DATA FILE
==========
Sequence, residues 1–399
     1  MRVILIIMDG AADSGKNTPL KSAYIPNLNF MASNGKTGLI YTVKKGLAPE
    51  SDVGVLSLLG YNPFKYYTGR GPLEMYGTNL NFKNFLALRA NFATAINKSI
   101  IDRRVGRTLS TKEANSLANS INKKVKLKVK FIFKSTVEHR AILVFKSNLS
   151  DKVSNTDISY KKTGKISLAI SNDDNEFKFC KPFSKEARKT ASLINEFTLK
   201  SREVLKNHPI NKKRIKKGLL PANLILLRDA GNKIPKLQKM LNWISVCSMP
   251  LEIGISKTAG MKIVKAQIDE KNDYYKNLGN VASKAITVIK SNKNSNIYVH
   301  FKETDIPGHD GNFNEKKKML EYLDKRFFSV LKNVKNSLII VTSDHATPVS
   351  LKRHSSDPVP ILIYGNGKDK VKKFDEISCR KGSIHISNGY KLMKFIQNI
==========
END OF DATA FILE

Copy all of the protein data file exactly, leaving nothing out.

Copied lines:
Sequence, residues 1–399
     1  MRVILIIMDG AADSGKNTPL KSAYIPNLNF MASNGKTGLI YTVKKGLAPE
    51  SDVGVLSLLG YNPFKYYTGR GPLEMYGTNL NFKNFLALRA NFATAINKSI
   101  IDRRVGRTLS TKEANSLANS INKKVKLKVK FIFKSTVEHR AILVFKSNLS
   151  DKVSNTDISY KKTGKISLAI SNDDNEFKFC KPFSKEARKT ASLINEFTLK
   201  SREVLKNHPI NKKRIKKGLL PANLILLRDA GNKIPKLQKM LNWISVCSMP
   251  LEIGISKTAG MKIVKAQIDE KNDYYKNLGN VASKAITVIK SNKNSNIYVH
   301  FKETDIPGHD GNFNEKKKML EYLDKRFFSV LKNVKNSLII VTSDHATPVS
   351  LKRHSSDPVP ILIYGNGKDK VKKFDEISCR KGSIHISNGY KLMKFIQNI